Washington, June 2 (ANI): A synthetic version of a naturally occurring peptide may be able to create new blood vessels and repair damaged nerve cells in lab animals, according to researchers.
"This successful experiment holds promise for treating clot-induced strokes in humans," says study lead author Daniel C. Morris, M.D., senior staff physician in the Department of Emergency Medicine at Henry Ford Hospital.
"Neurorestorative therapy is the next frontier in the treatment of stroke."
Researchers added the synthetic peptide Thymosin beta 4 to a group of drug treatments - including statins - used for neurorestorative therapy to activate repair mechanisms, which mimic cellular changes that occur in the early stages of brain development.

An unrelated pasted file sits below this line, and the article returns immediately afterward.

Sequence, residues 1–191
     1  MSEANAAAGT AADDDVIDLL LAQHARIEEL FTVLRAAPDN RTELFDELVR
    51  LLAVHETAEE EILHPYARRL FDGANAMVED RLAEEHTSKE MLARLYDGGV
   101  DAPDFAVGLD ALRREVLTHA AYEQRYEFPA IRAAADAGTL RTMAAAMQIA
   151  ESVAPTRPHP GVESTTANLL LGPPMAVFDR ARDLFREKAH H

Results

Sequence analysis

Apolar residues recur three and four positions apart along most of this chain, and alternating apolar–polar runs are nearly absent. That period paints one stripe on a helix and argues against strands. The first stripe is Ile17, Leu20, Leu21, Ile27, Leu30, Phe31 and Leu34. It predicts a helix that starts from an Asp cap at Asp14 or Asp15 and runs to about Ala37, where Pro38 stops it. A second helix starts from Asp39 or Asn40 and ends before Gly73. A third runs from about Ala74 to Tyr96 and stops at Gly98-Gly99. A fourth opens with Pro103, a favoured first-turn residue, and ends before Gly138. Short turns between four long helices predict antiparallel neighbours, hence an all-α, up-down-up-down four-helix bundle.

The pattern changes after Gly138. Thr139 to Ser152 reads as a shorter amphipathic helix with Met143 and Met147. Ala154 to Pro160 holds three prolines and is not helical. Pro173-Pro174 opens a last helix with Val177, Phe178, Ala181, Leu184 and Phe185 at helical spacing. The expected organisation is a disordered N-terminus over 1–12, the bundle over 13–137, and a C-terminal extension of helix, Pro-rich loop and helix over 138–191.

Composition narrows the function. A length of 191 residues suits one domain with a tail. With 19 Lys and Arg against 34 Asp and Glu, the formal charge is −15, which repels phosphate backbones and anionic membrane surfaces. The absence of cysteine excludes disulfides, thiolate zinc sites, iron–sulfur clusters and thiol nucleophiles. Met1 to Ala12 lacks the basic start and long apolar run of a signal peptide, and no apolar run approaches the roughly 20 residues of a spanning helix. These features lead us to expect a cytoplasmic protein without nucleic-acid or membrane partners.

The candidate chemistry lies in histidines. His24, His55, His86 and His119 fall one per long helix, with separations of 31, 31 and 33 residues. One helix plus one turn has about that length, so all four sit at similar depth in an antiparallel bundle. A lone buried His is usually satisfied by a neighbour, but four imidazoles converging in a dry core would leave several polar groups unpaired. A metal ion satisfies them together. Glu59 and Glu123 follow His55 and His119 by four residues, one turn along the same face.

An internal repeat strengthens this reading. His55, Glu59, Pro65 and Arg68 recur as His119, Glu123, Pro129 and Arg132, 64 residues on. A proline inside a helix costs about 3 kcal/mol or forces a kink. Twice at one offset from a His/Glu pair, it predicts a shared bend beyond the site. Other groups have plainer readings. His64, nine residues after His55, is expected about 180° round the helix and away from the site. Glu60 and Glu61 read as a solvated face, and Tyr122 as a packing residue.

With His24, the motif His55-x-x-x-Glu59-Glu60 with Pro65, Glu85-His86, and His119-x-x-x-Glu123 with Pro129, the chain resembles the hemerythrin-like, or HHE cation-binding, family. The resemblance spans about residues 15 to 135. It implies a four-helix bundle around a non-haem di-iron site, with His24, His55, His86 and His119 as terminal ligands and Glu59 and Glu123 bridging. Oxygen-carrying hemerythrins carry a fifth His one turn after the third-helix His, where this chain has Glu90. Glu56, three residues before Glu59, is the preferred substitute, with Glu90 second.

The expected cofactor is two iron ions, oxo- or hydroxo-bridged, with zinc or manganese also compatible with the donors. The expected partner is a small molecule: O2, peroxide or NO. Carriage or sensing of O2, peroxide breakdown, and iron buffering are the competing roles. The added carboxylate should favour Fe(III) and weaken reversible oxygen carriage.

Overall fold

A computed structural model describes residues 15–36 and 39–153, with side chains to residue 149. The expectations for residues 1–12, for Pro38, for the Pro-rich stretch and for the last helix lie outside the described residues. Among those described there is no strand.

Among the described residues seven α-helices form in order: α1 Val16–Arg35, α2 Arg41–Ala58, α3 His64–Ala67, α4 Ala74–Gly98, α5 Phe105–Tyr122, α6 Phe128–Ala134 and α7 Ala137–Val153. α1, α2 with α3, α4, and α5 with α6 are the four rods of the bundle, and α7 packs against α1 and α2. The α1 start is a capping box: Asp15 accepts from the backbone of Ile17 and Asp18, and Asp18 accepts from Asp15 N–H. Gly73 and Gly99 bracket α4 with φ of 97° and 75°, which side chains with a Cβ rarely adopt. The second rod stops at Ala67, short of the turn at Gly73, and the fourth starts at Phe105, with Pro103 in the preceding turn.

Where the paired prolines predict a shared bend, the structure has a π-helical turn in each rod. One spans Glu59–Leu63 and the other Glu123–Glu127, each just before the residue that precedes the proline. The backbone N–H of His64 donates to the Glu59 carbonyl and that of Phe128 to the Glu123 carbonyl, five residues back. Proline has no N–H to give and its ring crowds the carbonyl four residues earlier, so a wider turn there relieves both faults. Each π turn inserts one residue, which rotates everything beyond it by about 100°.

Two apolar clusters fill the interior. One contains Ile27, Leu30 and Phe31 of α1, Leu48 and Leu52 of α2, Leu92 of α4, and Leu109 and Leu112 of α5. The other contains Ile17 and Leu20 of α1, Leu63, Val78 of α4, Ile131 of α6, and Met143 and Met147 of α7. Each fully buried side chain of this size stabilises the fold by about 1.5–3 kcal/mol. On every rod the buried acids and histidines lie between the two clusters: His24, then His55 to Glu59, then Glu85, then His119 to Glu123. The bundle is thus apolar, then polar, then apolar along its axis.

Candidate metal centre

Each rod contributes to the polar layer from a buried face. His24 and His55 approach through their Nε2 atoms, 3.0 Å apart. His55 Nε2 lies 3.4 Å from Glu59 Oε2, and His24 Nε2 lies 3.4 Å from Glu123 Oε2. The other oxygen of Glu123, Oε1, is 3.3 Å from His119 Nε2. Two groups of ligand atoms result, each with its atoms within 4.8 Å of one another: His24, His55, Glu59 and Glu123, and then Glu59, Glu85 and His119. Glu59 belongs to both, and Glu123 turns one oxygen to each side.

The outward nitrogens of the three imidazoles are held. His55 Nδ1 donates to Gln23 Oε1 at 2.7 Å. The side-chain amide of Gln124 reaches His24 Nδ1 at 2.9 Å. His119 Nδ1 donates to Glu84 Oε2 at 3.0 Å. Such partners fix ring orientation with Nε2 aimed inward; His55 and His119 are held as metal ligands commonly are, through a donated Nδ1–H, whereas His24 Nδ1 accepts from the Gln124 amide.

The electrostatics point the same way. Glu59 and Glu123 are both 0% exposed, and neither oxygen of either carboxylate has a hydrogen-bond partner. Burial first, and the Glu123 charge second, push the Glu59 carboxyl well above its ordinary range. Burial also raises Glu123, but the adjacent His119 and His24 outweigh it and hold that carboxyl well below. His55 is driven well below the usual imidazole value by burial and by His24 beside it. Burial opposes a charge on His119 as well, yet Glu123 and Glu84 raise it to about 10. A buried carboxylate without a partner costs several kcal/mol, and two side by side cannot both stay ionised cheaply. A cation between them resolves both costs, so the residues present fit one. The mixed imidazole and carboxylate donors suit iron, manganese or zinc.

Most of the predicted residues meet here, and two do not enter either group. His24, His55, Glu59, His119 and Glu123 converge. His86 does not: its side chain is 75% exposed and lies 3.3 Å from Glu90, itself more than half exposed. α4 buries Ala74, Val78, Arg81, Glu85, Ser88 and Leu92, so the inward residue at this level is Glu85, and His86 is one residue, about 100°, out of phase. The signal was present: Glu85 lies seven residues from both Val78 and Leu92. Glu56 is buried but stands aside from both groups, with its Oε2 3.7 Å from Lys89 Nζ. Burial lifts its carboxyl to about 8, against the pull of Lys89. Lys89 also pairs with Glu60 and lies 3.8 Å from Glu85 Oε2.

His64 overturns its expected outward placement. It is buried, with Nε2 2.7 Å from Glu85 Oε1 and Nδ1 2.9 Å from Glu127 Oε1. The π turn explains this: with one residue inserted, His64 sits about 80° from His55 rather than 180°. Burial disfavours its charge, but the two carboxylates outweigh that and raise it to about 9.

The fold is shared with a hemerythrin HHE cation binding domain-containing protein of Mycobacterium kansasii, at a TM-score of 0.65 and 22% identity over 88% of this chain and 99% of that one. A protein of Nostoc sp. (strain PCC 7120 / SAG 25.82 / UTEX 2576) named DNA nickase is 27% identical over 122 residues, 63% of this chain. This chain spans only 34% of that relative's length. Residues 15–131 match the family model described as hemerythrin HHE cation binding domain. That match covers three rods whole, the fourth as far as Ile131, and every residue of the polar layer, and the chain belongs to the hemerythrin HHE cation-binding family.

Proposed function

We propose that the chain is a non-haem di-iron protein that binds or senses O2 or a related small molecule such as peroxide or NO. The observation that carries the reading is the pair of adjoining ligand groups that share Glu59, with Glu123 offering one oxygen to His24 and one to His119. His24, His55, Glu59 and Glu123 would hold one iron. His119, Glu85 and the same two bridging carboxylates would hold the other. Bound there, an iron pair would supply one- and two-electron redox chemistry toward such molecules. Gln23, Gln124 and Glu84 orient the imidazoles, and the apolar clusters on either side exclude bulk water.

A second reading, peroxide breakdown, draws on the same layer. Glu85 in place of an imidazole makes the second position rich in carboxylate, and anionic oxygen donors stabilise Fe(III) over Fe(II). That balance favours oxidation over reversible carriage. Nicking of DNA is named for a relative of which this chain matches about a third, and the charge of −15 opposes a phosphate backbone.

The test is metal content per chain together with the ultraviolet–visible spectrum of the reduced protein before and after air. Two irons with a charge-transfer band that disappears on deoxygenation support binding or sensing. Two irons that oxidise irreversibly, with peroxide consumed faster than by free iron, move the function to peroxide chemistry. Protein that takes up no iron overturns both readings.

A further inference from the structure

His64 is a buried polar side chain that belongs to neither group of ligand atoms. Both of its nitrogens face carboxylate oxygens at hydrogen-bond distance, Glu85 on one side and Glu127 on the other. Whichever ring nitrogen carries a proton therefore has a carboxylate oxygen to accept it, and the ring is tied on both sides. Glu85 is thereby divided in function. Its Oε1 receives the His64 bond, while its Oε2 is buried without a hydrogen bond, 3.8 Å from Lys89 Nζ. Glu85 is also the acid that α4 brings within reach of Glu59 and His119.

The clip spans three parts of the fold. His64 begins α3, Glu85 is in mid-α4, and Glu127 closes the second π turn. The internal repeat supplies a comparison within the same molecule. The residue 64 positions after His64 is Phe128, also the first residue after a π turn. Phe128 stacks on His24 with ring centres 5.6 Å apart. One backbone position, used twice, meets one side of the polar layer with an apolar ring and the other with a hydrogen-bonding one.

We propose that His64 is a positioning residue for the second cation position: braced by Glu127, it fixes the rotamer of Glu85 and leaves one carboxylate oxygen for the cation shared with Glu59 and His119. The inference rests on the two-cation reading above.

Adult rats were dosed with Thymosin beta 4 one day after they were subjected to a blockage in the cerebral artery, then given four more doses, once every three days. Rats treated only with saline were used as a control group.
After eight weeks, the Thymosin beta 4 group showed significant overall improvement compared to the control group.
The researchers concluded that the peptide improved blood vessel density as well as promoted a certain type of immature brain cells to differentiate into mature cells, which produce myelin to protect axons in nerve cells.
The findings will be presented on June 3 at the Annual Meeting of the Society for Academic Emergency Medicine in Phoenix. (ANI)